Taking it on the Chin
After a brief hiatus, the LANAP- case presentation series has resumed. This iteration will focus on specific procedures made possible by the use of the Periolase. They will include, but are not limited to “non-periodontitis” procedures.
Today’s discussion revolves around a mandibular cyst that was referred for biopsy/ removal. This 64 y.o. fellow, medical history non-contributory, had developed this lesion over the course of the last year. It was painless and had the Dentist not told him about it he wouldnt have known. In terms of why this happened, your guess is as good as mine.
Enclosed we will see the clinical course of this progression. Radiographs will come later but are not what makes this case interesting. To wit, there has been excellent healing of the site internally, but to see the films before complete fill has been achieved will not shed much light on the situation.
What interested me about this situation was twofold… Firstly, the idea that I would be able to separate out the epithelial lining without disturbing the underlying connective tissue as well as the possibility from an operator’s point, to be able to perform the procedure sans suturing. This is no small thing as a flap of this nature would require significant closure over the site to prevent collapsing of the soft tissue into the defect. Moreover, no grafting of the site was performed, which would normally necessitate some sort of “scaffolding” to support the healing.
The procedure was performed with a standard full thickness trapezoidal-flap, and then laser enucleation was completed. Upon achieving clotting in the site, the flap was replaced but only laser energy was used to ” tack ” it back to its original position. This allowed for a virtually painless recovery period, one which would have been decidedly uncomfortable had there been suturing involved.
Finally, we see 2 month healing and what is particularly interesting to note is that there was no in-folding of the tissue into the site despite the lack of a sub-structure , be it a graft or a membrane. This was a pleasant surprise to the patient. For the record, the patient was apprised that a secondary procedure might be necessary, and he was ok with it from the outset.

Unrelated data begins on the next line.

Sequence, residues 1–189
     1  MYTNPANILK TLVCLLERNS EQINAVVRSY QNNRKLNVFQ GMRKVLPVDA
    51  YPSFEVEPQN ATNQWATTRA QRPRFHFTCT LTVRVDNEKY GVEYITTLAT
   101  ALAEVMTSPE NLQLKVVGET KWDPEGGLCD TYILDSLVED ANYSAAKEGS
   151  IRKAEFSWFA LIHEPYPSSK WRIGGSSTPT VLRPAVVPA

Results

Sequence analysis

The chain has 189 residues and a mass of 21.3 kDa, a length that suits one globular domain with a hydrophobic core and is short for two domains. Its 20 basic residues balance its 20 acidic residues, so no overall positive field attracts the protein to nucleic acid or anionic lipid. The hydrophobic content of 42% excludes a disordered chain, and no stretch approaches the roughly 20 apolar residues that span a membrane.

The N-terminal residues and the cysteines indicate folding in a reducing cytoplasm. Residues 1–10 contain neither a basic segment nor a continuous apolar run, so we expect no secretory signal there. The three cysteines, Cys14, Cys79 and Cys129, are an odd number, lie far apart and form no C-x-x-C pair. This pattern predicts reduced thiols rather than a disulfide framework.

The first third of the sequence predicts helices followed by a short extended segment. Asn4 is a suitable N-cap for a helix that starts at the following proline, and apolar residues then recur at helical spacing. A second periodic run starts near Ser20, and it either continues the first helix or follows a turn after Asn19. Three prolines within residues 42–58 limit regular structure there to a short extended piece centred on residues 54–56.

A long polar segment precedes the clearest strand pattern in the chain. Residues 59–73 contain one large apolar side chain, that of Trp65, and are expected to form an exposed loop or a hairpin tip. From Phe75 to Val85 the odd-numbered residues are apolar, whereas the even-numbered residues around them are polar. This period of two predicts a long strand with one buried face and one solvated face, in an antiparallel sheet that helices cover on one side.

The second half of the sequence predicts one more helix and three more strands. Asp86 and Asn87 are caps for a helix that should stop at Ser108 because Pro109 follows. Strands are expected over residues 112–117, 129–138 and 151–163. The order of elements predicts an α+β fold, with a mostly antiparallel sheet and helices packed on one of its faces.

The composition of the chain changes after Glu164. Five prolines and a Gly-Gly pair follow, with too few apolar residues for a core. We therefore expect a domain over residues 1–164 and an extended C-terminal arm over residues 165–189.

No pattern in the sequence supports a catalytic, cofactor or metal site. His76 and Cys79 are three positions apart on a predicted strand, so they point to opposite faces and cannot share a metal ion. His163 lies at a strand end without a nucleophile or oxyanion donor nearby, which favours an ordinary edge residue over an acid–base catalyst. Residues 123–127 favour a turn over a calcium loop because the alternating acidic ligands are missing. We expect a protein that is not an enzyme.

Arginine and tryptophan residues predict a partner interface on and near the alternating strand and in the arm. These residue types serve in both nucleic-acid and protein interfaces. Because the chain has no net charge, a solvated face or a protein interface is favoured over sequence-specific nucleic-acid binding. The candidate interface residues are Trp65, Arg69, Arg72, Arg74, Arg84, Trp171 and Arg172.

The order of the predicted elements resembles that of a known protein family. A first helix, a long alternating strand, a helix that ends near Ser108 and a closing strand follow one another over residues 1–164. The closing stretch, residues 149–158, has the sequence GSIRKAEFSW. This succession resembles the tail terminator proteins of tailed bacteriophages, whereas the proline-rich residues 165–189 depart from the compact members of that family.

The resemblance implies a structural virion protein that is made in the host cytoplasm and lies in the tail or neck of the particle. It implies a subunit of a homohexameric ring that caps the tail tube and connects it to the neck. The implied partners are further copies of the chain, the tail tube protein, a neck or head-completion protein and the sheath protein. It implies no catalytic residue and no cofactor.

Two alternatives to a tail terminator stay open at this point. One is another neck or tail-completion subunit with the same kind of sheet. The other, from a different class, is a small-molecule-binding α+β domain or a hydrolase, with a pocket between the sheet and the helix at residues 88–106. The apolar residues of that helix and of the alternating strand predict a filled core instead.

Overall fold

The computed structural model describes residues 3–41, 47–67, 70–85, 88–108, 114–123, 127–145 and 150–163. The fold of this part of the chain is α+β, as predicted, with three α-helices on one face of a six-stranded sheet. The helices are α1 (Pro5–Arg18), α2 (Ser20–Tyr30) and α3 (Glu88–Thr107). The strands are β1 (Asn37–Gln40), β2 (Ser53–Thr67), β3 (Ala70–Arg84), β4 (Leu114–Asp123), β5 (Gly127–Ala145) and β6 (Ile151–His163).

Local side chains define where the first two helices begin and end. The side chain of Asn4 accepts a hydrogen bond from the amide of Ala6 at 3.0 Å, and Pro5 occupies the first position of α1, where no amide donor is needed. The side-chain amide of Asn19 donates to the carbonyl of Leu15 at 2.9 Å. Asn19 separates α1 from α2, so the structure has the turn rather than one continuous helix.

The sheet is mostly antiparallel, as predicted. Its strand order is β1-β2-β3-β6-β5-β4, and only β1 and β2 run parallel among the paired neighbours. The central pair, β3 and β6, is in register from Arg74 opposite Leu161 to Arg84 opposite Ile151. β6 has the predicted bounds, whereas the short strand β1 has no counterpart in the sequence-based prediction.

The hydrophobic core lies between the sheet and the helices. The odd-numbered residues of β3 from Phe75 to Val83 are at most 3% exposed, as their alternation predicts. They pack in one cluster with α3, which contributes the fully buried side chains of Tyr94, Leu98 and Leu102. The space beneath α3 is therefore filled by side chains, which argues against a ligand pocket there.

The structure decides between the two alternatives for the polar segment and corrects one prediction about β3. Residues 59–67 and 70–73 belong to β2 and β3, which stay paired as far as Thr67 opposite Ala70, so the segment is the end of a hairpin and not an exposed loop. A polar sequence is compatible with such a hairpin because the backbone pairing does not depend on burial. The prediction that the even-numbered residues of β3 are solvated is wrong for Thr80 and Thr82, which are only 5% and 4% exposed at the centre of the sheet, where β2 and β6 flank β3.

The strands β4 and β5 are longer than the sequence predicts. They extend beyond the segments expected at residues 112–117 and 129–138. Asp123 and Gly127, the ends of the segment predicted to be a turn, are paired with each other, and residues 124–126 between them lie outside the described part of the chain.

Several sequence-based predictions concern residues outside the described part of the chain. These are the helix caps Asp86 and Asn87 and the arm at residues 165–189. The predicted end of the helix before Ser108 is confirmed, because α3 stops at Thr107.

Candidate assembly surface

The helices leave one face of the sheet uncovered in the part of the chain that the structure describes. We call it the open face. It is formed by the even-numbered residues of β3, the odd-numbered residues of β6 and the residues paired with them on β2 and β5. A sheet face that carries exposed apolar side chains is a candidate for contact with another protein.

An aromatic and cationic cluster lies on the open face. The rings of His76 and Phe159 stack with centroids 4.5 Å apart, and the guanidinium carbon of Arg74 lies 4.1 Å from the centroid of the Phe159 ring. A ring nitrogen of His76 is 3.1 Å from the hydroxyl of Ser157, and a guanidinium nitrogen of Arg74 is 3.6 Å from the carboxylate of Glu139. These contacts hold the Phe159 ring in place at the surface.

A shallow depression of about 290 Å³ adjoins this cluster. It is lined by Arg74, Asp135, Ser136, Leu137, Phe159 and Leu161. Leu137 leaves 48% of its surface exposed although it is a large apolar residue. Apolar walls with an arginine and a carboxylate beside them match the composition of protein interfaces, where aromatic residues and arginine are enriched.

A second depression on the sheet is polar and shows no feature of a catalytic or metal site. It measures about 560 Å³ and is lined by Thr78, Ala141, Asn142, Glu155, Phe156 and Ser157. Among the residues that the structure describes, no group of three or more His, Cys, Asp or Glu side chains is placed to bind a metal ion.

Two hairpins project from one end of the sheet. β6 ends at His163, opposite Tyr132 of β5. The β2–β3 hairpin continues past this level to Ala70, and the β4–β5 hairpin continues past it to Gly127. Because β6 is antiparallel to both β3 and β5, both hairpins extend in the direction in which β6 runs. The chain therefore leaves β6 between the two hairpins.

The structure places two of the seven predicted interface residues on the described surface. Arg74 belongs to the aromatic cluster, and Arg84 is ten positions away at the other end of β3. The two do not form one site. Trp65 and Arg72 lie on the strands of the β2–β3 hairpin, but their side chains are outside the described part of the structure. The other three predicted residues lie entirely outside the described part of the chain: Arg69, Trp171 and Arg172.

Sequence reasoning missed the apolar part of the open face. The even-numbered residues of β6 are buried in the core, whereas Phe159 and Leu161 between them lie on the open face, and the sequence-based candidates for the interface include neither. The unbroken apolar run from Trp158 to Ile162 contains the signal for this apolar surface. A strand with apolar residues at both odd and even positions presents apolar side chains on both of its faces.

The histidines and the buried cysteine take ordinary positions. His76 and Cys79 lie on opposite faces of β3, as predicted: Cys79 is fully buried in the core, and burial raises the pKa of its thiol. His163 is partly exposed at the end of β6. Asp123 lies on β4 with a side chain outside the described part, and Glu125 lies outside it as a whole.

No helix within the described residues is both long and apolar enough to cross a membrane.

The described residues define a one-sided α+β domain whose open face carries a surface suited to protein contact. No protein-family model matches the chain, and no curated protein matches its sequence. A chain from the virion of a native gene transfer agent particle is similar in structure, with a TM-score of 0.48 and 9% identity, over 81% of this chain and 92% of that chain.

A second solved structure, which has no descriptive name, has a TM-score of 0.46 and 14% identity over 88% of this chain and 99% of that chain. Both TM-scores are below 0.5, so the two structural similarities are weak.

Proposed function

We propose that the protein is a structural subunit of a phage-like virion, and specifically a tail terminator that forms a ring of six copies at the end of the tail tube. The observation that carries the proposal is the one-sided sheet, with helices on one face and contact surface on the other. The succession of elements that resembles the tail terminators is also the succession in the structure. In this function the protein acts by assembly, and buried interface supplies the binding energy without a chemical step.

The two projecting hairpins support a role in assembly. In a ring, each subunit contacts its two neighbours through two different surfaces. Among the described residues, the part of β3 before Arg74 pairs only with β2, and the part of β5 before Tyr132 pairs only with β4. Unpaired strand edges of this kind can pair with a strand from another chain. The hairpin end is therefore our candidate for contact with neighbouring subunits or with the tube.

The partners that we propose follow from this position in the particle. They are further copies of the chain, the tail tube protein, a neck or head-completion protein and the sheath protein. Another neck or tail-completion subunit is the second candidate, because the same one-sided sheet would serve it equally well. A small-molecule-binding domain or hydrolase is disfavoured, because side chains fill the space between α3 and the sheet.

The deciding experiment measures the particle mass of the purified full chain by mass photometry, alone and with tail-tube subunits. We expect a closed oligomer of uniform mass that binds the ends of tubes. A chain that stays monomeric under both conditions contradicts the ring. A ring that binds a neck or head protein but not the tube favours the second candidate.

Review of the pathology reveals that it was a cyst and that there is no further treatment necessary at this time.
As more films become available I will distribute them periodically. For now however, we now know that we can add these types of procedures to our arsenal in our ever evolving attempts to improve patient care. Comments, thoughts and pithy-isms are always welcome and as always, keep on healing.
pre-op view of anterior mandible. n.b. “bluish”
appearance of cyst
ibid. this view helps us appreciate the actual size of the lesion
relative to the jaw.
with flap elevated
after laser ablation
after laser hemostasis
with flap replaced and ” Sewing machine- like tacking”
back into place. No suturing involved. Excellent hemostasis
one week post-op. slight creeping of fibrin around the margins.
Pt reports no post-op discomfort although still some slight
2 month healing with excellent tissue remodeling.
n.b. the normal architecture of the mandible.
preventing the collapse of the tissue is paramount to
uneventful healing. In cases like this where no
scaffold is utilized, this take on even more significance.